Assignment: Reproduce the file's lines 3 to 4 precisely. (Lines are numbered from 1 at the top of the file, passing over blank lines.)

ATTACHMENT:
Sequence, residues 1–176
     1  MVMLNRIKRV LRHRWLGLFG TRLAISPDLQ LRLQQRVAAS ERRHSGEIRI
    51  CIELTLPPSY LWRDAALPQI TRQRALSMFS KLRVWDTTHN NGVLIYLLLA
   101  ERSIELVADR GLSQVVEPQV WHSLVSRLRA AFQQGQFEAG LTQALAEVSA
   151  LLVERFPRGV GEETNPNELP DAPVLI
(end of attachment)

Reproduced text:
    51  CIELTLPPSY LWRDAALPQI TRQRALSMFS KLRVWDTTHN NGVLIYLLLA
   101  ERSIELVADR GLSQVVEPQV WHSLVSRLRA AFQQGQFEAG LTQALAEVSA